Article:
“We reaffirm our commitment to initiatives, including the Annapolis Conference and all of their genuine efforts, geared to finding a just, peaceful, comprehensive and lasting solution to the conflict in the Middle East. In this regard, we restate our position for a solution which guarantees the Palestinian people’s legitimate right, as well the right of all States in the region, to live within secure and universally recognized boundaries.

“Finally, we will continue to lend our full support to all efforts for an early, equitable and peaceful resolution of the Palestinian problem, and appeal to the international community to lend its support to the Annapolis initiative.”

The Chairman (spoke in French ): I thank Mr. Tachie-Menson for reading out the statement on behalf of His Excellency Mr. John Agyekum Kufuor, President of Ghana and Chair of the African Union. I request that you, Sir, convey to him the sincere thanks of the Committee for that important statement.

I now give the floor to His Excellency Mr. Yahya A. Mahmassani, Ambassador, Permanent Observer for the League of Arab States to the United Nations, who will deliver a message on behalf of Mr. Amre Moussa, Secretary-General of the League of Arab States.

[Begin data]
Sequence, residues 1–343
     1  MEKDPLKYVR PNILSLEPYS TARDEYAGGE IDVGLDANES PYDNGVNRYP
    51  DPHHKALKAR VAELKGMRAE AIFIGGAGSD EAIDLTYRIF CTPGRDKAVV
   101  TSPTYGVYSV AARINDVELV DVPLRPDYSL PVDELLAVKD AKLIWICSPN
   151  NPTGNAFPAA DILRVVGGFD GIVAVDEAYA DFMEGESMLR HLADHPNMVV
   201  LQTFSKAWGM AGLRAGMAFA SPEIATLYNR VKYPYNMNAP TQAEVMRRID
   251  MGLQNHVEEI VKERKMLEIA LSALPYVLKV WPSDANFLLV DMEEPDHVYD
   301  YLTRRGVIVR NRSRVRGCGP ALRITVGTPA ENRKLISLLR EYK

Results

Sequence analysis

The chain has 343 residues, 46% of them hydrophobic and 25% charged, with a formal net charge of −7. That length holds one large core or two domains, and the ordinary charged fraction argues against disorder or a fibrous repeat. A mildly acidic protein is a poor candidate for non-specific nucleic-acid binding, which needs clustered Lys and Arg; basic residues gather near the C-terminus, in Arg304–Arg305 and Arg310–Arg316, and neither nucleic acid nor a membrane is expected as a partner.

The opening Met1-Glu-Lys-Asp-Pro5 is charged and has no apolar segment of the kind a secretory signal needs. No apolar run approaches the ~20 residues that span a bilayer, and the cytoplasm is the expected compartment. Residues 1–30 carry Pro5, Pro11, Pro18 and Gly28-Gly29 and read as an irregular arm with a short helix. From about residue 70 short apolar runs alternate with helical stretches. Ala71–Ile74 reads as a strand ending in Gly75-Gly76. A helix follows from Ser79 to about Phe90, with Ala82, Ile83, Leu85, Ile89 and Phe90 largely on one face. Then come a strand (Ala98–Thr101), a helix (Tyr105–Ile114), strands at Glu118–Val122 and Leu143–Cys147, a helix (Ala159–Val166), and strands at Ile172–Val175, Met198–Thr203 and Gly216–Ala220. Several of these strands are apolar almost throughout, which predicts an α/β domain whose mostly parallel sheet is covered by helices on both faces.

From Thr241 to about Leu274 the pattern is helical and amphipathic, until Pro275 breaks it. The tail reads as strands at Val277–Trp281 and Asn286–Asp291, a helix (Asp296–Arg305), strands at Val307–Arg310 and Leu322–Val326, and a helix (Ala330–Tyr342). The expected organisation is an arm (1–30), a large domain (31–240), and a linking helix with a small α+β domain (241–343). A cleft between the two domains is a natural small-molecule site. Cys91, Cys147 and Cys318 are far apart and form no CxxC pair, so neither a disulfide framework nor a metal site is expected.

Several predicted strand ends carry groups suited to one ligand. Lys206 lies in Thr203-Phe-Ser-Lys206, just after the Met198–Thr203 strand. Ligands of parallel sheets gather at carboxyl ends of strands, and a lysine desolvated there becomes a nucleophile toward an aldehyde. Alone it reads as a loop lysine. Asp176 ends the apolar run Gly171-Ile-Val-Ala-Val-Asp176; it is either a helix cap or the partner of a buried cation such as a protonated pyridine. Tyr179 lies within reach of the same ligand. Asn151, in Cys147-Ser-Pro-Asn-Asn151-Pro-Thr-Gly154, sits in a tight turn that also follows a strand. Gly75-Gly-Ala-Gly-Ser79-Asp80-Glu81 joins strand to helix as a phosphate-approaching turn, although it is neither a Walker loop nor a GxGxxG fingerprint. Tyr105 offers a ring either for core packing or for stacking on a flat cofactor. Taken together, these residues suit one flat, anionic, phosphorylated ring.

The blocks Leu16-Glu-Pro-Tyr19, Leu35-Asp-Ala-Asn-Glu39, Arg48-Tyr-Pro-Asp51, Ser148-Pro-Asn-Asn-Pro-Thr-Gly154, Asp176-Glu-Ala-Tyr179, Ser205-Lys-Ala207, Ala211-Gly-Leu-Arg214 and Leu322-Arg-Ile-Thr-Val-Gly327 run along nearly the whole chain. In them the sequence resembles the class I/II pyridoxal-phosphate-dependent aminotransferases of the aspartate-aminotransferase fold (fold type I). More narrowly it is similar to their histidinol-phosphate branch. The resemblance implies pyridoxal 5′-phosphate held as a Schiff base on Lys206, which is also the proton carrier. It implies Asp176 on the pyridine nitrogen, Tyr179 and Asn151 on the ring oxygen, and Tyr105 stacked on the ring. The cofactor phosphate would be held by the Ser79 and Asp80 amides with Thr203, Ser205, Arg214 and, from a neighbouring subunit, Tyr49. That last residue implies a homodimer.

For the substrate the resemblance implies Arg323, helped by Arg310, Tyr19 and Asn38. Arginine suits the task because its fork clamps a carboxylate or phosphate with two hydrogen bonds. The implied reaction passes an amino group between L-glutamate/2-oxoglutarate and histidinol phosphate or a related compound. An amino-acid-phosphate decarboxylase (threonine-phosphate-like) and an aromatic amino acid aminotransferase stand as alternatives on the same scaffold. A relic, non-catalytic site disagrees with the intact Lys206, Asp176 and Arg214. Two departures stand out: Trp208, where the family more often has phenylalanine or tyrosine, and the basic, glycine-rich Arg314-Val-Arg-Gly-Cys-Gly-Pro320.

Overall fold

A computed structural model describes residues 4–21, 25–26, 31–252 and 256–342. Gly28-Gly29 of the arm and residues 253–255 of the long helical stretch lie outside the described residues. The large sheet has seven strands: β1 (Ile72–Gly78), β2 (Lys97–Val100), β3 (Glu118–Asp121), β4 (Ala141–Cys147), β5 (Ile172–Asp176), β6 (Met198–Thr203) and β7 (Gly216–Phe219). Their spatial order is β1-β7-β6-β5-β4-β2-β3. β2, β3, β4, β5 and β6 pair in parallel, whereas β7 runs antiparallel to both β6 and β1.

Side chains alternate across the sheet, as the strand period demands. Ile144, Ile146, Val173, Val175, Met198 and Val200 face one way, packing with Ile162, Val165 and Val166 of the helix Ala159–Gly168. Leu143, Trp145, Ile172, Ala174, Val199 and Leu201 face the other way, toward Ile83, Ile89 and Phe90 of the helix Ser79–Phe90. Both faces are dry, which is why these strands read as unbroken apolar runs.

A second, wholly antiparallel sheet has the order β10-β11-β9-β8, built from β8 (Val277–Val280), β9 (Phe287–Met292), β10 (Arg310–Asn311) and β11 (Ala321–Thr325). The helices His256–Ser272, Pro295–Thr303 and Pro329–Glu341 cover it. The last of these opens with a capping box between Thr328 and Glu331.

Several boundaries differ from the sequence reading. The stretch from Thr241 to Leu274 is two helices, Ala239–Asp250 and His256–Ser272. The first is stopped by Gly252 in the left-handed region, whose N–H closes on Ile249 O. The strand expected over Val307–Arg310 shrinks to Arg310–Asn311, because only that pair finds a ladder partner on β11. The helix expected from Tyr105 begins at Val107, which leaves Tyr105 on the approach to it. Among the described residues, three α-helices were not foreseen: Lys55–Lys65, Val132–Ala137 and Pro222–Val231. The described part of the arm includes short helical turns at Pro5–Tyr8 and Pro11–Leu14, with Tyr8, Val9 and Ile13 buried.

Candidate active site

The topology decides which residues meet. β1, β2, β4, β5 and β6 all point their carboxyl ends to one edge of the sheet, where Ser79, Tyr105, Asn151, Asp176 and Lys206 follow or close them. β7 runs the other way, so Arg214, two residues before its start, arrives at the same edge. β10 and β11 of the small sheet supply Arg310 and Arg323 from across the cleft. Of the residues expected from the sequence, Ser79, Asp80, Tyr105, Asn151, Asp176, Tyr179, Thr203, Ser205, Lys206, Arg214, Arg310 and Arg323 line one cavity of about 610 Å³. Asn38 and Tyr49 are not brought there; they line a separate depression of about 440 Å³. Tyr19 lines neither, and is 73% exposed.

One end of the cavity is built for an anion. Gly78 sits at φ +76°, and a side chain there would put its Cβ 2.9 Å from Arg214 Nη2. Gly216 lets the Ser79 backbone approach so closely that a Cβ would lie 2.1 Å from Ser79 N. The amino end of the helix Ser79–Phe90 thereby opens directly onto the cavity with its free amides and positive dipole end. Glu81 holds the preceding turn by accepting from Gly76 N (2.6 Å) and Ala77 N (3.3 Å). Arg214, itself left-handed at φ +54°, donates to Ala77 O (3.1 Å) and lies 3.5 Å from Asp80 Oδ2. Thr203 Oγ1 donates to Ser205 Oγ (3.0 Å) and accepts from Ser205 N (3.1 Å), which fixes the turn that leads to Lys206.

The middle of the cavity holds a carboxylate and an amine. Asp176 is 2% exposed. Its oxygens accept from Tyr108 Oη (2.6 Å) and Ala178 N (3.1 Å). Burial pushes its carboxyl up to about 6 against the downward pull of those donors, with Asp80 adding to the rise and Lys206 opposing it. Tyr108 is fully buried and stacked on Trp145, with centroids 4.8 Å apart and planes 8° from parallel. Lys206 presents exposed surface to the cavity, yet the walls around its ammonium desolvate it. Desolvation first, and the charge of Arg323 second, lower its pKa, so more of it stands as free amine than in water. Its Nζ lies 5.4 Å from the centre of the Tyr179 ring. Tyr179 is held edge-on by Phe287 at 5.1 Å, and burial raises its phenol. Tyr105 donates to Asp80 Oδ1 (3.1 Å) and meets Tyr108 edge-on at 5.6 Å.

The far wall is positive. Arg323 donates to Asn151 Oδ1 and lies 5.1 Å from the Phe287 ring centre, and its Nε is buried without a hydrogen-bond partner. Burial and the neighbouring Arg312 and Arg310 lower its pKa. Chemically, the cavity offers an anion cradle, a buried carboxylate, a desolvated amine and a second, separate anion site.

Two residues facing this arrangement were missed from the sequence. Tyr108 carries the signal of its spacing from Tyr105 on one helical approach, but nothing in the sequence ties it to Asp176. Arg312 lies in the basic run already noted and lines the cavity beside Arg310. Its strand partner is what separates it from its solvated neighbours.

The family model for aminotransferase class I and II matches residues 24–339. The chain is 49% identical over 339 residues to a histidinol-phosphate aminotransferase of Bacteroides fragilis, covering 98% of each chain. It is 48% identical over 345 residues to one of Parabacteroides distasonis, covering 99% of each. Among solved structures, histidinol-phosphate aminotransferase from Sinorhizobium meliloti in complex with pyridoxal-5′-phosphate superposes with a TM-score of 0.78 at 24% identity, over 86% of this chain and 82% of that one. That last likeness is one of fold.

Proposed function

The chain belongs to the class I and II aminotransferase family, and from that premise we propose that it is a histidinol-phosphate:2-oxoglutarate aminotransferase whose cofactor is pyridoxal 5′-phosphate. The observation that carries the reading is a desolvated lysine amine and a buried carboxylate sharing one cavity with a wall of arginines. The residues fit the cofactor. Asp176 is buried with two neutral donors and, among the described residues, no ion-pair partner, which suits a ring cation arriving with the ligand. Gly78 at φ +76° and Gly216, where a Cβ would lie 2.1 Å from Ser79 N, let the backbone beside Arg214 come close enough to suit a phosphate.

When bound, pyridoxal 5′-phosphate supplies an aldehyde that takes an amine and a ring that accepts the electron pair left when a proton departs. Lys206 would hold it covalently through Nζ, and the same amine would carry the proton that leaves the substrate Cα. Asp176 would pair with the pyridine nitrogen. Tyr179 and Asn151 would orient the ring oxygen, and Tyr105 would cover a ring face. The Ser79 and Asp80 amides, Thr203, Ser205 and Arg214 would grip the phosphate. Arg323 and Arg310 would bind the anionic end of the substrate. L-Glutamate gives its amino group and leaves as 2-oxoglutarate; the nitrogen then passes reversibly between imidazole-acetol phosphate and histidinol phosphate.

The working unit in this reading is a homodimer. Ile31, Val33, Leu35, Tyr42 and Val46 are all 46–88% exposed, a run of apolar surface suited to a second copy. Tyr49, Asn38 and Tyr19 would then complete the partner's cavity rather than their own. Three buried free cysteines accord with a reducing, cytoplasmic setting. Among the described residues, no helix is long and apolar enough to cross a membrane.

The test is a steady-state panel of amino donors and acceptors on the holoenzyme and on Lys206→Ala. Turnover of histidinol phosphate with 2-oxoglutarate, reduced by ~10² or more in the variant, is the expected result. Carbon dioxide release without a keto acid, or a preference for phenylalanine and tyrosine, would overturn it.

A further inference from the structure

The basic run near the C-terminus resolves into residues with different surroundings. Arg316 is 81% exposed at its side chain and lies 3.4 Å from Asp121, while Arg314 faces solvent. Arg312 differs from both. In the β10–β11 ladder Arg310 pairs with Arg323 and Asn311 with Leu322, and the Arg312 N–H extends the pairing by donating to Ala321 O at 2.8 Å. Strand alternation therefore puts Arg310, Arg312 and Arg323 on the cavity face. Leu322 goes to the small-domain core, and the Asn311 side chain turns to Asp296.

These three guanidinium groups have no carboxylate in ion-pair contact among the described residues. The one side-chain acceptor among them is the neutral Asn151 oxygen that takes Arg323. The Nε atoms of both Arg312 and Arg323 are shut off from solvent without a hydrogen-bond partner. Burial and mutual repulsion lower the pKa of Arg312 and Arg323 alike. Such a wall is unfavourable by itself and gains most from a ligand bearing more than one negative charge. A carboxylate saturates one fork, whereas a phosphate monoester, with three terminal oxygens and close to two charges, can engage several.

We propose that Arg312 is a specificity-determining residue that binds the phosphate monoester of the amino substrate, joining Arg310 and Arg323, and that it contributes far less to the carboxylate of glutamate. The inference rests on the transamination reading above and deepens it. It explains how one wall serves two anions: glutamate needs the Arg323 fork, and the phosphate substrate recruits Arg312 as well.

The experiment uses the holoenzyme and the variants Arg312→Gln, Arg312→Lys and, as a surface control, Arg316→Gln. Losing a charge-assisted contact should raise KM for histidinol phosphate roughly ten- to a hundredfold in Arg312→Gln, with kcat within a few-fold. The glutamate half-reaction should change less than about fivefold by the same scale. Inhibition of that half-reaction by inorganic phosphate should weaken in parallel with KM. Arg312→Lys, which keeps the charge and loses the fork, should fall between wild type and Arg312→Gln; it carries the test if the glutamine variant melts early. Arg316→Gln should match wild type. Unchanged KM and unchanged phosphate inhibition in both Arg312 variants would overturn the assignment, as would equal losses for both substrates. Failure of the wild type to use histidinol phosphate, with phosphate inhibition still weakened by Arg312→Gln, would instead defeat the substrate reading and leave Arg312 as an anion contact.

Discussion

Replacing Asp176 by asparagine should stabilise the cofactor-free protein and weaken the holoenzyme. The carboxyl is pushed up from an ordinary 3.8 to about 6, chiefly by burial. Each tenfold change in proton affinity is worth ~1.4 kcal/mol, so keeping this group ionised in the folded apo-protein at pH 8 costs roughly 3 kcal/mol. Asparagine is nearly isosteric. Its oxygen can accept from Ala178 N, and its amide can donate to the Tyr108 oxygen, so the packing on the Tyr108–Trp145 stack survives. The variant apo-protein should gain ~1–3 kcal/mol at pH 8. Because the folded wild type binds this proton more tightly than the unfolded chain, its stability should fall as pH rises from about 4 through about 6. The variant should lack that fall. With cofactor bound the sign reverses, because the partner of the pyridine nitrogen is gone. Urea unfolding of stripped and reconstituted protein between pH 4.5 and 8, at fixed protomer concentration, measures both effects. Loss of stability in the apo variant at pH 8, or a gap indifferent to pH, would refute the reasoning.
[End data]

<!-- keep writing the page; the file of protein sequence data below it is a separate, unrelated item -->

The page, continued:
Mr. Mahmassani (League of Arab States) (spoke in Arabic ): It is an honour for me, Mr. Chairman, to convey to you and to the other members of the Committee on the Exercise of the Inalienable Rights of the Palestinian People the greetings of Mr. Amre Moussa, Secretary-General of the League of Arab States, and to express his deep appreciation for the positive and vital role the Committee plays in protecting the Palestinian people and their legitimate national rights, particularly their rights to self-determination and to establish an independent, sovereign State on their national soil, with Al-Quds Al-Sharif as its capital, in accordance with the Charter of the United Nations and the relevant internationally legitimate resolutions, terms of reference and internationally recognized principles, particularly the inadmissibility of the acquisition of territory by force, the principle of land for peace and the continuation of that role for the search for a just, lasting and comprehensive resolution to the Palestinian question.

Today’s marking of the International Day of Solidarity with the Palestinian People coincides with the ninetieth anniversary of the Balfour Declaration and with the passage of 40 years of Israeli occupation of Palestinian and Arab territories and the ensuing negative repercussions and destructive effects on the Palestinian people and their daily lives. The appropriation of Palestinian territories in order to intensify its settlement activities, and the creation of the separation — represent a flagrant violation of international legitimacy, the advisory opinion of the International Court of Justice and the rights of the people of the Palestinian territories — makes it impossible for the Palestinians to establish a viable, contiguous and sovereign state.